The Ministry of Corporate Affairs set up the Committee on Digital Competition Law (“Committee“) on February 6, 2023 in order to evaluate the need for an ex-ante regulatory mechanism for digital markets in India, reviewing the current provisions of the Competition Act, 2002 (“Competition Act“), assessing whether they are sufficient to deal with challenges that have emerged from the digital economy, and evaluating whether a separate legislation to regulate digital markets is needed. The Committee released its report on March 12, 2024, and comments have been invited until April 15, 2024.

The Committee was formed following the 53rd Parliamentary Standing Committee Report (“Standing Committee Report”) which, “identified ten predominant anti-competitive practices by large digital enterprises and examined the need for strengthening competition framework to address such practices.” Acknowledging that the dynamics of digital markets are underpinned by robust network effects and increasing returns to scale, the Standing Committee Report found that this, “often leads to a ‘winner-takes most’ outcome where a leading player adopts strategies that curtail market contestability, which reinforces its strength. As such, digital markets bear the risk of becoming irreversibly polarised in favour of the incumbent.”

The Standing Committee Report also observed that an ex-post approach may not be sufficient to remedy such conducts in fast-paced digital markets. It recommended that the behaviour of large digital enterprises should be monitored ex-ante, with an emphasis on preventing such anti-competitive conducts from occurring. It further recommended the introduction of a ‘Digital Competition Act’ to create a fair, transparent, and contestable digital ecosystem.

The Committee noted that, while the Competition Act primarily currently envisages an ex-post framework for intervention in anti-competitive conduct, the Competition Act was enacted at a time when the, “extent and pace of digitalisation as is witnessed today could not be foreseen.” The Committee further attributed the permeation of internet usage in India to a simultaneous increase in the number of digital market segments in India, including in sectors like retail and healthcare, giving rise to digital enterprises offering services as platforms to multiple segments and sides of a market. However, the Committee clarified that there is a need to strike a balance between increased regulation and allowing for innovation, recommending that the draft Digital Competition Bill regulate only those enterprises that have, “a significant presence and as such, the ability to influence the Indian digital market.”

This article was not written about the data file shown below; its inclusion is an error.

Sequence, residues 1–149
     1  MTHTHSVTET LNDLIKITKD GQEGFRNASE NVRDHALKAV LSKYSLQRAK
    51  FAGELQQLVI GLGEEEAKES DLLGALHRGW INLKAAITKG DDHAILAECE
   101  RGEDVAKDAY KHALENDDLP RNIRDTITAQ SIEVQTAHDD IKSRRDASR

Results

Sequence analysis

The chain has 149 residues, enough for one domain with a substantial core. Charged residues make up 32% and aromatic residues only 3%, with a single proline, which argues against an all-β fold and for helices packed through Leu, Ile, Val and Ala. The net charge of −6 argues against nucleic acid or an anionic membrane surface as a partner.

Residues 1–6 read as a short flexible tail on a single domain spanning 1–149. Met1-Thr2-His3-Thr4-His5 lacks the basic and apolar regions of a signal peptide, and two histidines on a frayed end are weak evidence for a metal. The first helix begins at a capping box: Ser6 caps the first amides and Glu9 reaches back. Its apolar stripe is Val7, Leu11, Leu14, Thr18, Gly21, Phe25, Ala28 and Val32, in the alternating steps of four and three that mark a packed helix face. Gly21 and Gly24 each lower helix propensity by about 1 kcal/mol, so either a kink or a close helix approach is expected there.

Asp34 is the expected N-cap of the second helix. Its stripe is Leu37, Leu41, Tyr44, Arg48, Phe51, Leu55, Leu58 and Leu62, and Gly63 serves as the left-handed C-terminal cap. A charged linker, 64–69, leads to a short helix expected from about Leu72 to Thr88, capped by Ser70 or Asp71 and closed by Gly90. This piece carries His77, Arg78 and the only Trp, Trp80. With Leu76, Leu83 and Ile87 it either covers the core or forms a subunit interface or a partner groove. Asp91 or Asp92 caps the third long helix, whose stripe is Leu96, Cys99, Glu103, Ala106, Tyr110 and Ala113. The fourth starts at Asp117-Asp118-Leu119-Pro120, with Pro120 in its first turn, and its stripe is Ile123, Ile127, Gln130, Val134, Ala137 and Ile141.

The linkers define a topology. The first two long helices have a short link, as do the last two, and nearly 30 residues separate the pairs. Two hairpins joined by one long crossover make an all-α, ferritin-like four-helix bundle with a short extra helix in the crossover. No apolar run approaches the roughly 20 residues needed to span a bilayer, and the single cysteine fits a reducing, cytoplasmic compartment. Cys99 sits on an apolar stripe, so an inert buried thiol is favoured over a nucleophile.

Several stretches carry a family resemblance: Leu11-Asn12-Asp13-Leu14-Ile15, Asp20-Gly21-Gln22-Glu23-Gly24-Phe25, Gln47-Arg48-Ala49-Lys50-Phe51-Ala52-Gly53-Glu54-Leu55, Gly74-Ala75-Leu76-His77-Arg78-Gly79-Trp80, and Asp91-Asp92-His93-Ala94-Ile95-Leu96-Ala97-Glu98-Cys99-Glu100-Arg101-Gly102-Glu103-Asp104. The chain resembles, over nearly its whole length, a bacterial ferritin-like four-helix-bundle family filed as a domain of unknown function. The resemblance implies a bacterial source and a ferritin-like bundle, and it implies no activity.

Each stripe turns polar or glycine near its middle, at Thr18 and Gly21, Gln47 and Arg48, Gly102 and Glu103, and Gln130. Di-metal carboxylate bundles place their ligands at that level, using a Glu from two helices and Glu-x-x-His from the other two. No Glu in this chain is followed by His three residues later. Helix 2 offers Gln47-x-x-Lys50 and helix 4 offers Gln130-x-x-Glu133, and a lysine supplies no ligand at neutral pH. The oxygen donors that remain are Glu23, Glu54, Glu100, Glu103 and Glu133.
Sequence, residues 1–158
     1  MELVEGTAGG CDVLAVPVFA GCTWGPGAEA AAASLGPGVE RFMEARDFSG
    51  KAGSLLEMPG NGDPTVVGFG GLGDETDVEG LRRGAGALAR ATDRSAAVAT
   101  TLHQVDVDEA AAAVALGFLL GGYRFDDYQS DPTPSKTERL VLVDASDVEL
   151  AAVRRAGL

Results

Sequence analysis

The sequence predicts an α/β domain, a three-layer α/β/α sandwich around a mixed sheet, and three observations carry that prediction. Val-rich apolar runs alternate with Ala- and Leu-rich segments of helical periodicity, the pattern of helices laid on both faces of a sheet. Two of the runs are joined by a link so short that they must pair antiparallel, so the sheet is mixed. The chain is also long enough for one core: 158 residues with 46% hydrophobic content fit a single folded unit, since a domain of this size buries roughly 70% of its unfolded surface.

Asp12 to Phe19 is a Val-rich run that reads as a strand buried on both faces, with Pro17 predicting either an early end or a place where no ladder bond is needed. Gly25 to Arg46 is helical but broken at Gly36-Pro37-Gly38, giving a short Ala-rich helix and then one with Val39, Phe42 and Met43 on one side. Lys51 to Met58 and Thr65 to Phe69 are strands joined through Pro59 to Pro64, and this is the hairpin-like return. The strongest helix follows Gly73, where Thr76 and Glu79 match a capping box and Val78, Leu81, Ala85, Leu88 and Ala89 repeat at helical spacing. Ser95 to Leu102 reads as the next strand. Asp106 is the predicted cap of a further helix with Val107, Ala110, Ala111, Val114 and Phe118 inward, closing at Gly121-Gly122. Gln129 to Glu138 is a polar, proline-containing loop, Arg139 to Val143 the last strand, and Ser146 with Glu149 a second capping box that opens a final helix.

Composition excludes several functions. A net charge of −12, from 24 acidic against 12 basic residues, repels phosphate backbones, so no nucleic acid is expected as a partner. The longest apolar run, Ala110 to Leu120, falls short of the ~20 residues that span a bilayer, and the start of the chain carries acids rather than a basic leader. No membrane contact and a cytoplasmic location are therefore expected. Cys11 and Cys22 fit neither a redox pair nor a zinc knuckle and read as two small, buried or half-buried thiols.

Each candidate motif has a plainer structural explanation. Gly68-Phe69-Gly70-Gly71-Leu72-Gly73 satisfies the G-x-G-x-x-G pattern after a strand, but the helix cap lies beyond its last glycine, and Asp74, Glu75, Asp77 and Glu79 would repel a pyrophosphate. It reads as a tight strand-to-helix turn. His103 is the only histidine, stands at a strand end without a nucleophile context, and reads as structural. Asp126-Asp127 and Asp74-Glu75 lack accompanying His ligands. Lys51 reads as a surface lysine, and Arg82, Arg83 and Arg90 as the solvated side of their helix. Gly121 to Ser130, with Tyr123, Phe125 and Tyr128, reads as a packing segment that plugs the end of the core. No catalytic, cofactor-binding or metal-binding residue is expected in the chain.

In the report, the Committee examined the various Indian legislations governing large digital enterprises, including the Foreign Direct Investment Policy, the Foreign Exchange Management (Non-debt Instruments) Rules, 2019, the Consumer Protection Act, 2019 and the Draft E-commerce Policy, 2019. The Committee further examined the regulation of digital markets in jurisdictions, including the ex-ante framework adopted by the European Union, the United Kingdom and the United States of America, and prevailing laws in Australia, Japan, South Korea and China.